You learn that what type designers do is amazingly complicated. The level of detail that goes into all the decisions while you’re making a typeface is just incredible. How close together two different letters should be when they appear next to each other, like an upper-case T and a lower-case o, for instance. How far does that o slide underneath the top of that T? It’s called a kerning pair. You’ve got to make these decisions for every pair of letters that could possibly come together. It’s just maddening. I didn’t have any kind of patience for it.

Matthew Carter

Someone like Matthew Carter is a master of this stuff. It’s one of those art forms where the people who do it perfectly are completely invisible. It’s like they don’t want their work to be noticed. They just want people to read the message and get whatever that text is saying without any interference from the font. When people notice type it’s generally because something’s wrong with it—it’s too hard to read or it’s set too close together.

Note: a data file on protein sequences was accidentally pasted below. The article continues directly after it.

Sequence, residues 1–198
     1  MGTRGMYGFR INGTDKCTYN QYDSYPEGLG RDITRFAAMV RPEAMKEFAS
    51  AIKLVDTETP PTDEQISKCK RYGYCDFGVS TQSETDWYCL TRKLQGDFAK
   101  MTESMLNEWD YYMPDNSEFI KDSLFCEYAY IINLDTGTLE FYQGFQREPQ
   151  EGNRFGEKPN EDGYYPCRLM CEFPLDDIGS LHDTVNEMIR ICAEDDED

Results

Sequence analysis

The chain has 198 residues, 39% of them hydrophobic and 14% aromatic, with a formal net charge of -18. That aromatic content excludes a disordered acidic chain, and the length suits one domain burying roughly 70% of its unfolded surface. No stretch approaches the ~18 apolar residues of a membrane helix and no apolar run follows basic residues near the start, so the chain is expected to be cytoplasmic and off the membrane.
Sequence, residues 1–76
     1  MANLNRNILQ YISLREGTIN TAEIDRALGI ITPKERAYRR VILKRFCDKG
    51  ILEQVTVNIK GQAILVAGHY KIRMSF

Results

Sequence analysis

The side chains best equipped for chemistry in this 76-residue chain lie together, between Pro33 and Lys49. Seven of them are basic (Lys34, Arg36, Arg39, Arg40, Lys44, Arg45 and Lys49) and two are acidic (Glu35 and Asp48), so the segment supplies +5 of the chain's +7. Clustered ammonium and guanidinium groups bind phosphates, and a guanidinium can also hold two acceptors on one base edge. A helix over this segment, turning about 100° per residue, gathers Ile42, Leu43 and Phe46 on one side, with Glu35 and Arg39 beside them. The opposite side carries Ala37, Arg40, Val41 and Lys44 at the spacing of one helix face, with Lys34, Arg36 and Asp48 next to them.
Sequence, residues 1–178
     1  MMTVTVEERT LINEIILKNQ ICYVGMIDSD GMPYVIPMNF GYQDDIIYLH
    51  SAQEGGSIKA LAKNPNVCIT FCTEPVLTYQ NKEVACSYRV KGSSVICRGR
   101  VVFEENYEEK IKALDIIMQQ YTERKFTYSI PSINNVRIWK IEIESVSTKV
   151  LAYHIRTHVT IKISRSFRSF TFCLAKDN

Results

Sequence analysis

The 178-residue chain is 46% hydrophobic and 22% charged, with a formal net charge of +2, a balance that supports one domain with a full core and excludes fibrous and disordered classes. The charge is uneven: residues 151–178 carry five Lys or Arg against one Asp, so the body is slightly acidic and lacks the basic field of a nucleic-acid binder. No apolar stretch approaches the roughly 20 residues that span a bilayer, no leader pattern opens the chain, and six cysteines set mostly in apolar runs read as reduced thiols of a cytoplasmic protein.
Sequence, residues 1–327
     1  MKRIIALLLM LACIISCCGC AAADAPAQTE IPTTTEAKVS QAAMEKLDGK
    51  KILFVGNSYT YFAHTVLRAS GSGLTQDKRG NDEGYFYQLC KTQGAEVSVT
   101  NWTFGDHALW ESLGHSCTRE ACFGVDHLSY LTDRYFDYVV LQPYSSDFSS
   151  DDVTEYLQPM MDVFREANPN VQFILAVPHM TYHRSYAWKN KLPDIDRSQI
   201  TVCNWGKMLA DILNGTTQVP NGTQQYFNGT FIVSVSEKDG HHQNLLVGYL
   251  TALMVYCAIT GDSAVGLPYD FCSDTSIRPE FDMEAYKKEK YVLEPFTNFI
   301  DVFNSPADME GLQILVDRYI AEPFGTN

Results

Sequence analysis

Filmmaking is going through something like the transformation that hit typography in the early 1990s, with digital tools making both production and distribution much less expensive. Is there anything that filmmakers can learn from what happened in type?

The democratization of technology, whether it’s graphic design technology or filmmaking technology, is a double-edged sword. It lowers the barriers of entry so a lot of new designers or filmmakers can express themselves. It also completely clutters up the landscape with a lot of crap. There are some interesting things that YouTube has brought to a larger audience, but if you look at the percentage of stuff on YouTube that’s in any way worthwhile in a cultural sense, it’s a very tiny percentage.